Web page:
It was two days before the Passover and the festival of Unleavened Bread. The chief priests and the scribes were looking for a way to arrest Jesus by stealth and kill him; for they said, ‘Not during the festival, or there may be a riot among the people.
While he was at Bethany in the house of Simon the leper as he sat at the table, a woman came with an alabaster jar of very costly ointment of nard, and she broke open the jar and poured the ointment on his head. But some were there who said to one another in anger, ‘Why was the ointment wasted in this way? For this ointment could have been sold for more than three hundred denarii, and the money given to the poor.’ And they scolded her. But Jesus said, ‘Let her alone; why do you trouble her? She has performed a good service for me. For you always have the poor with you, and you can show kindness to them whenever you wish; but you will not always have me. She has done what she could; she has anointed my body beforehand for its burial. Truly I tell you, wherever the good news is proclaimed in the whole world, what she has done will be told in remembrance of her.’
This story is hugely significant. A woman is anointing Jesus’s head. Not his feet as Luke and John would have it; they miss the point. For by anointing Jesus’s head, she is proclaiming him king, Messiah, liberator. Had not Zadok the priest, on the orders of David, anointed Solomon king of Israel (1 Kings 1:33-39)? Had a young prophet not anointed Jehu secretly king of Israel (2 Kings 9:4-8) on the orders of the prophet Elisha? And in each case, had these rituals not led to a coup d’état? For those who are hoping for the liberation of Israel, the woman’s act spells revolution. The Jewish authorities had good reason to feel unease. It’s Passover time and crowds are gathering in Jerusalem.
A second group of people also see the woman’s act solely in material terms. We don’t know who they are, but they snap at her rudely. They are outraged. The ointment she used so lavishly was worth a huge amount of money, the equivalent for a labourer of around ten months wages; it could surely have been sold for poor relief. In a time of widespread poverty, such conspicuous consumption would certainly have seemed scandalous. But they too miss the point.
See how Jesus reacts. He affirms the woman’s action and nuances what she has done. He reminds his hearers that there is never any shortage of poor people to whom they can show kindness (cf. Deut 15:11). And then come the startling words: “but you will not always have me”. The woman is “doing a good thing”; she is anointing him beforehand for burial. In the one action, the woman anoints Jesus king and prepares him for burial. The implications of Jesus’s words are clear – he, the anointed king, the long-awaited Messiah, the Christ, far from leading a political coup, is to die and shortly. This is the introduction to the Passion narrative.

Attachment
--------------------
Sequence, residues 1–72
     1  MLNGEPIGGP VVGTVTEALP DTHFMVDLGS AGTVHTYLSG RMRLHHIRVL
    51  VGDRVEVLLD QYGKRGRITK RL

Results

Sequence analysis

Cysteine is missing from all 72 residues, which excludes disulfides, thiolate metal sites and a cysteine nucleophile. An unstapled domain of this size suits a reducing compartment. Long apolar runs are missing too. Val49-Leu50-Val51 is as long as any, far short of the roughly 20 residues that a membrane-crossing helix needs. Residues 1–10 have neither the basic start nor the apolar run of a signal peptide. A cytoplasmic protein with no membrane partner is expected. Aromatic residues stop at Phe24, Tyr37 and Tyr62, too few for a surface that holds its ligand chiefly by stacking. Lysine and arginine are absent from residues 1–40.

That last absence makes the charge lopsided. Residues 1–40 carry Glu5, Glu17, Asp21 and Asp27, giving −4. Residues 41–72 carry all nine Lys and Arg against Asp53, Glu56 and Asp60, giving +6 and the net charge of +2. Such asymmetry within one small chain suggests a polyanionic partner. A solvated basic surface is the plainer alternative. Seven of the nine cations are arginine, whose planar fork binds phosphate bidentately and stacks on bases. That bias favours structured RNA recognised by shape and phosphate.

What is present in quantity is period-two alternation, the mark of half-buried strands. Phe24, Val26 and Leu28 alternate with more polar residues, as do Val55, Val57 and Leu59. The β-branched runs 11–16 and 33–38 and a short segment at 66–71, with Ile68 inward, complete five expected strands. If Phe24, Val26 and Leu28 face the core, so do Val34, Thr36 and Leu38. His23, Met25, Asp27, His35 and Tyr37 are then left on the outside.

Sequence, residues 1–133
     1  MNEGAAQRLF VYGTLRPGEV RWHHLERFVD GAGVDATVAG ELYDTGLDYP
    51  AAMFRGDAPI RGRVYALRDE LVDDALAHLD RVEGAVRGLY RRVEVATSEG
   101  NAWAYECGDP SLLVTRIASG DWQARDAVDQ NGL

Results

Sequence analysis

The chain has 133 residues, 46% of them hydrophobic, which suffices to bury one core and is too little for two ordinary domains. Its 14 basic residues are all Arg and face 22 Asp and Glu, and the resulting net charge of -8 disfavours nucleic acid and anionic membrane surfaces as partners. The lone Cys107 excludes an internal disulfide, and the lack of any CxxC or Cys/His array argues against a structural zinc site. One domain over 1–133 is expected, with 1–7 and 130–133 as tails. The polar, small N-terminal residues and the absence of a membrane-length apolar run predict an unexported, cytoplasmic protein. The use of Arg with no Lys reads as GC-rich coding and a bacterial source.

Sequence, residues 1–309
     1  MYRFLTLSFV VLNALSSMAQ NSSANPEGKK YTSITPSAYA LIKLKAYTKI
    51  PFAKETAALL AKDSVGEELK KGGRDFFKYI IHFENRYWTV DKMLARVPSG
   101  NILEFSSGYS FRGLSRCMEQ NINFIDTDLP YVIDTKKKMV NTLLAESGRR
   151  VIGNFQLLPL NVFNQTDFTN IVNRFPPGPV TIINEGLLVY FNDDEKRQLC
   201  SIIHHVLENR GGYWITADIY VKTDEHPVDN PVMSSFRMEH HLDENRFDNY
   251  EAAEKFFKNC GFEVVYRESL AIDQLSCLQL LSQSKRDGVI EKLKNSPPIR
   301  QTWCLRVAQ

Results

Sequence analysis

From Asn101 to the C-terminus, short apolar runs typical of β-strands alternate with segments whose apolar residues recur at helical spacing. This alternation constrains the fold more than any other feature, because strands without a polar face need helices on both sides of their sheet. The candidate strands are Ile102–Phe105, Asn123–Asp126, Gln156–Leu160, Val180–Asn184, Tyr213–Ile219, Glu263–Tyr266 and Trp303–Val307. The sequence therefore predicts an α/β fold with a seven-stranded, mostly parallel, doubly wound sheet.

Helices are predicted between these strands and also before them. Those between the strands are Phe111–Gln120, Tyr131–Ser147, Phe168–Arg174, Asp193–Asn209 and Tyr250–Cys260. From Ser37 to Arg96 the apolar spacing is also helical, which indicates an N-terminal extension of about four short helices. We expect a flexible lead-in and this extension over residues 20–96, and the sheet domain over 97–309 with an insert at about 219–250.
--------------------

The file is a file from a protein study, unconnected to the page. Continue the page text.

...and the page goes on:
And who is this unnamed woman? Later versions of the story attempt to give her a life setting. For Luke she is a forgiven great sinner, for John, this is Mary, sister of Lazarus. But Mark portrays her as a prophet. In a supreme prophetic act, she proclaims that Jesus is the Messiah, that the Messiah is to suffer and die. Wherever the gospel is proclaimed, we read, what she has done will be told in remembrance of her. But there is a problem. She is un-named. We remember a name. A name would have inscribed her indelibly in Christian tradition. Without a name it is all too easy to skip from this faithful disciple to Judas who betrayed or Peter who denied. This unnamed woman, the priestly prophet, stands for all those faithful women who have been overlooked by Christian tradition down the ages.
Ever-living and ever-loving God, I bless you for your hand upon my life. I thank you that this Christian way I walk is a road beaten hard by the footsteps of women and men, saints, prophets, apostles and martyrs. I thank you for the sign-posts and danger signals with which it is marked and which are made known to me through the Bible. Especially I give you thanks for the great gift of Jesus Christ, for his life, his death and his triumph over death. Bring nearer the day when the hand of your purpose shall be found throughout our nation, throughout the world. And whatever I myself can do, give me grace this day to begin, Through our saviour Jesus Christ, Amen.
The Rev’d Fleur Houston is a retired minister and member of Macclesfield and Bollington URC.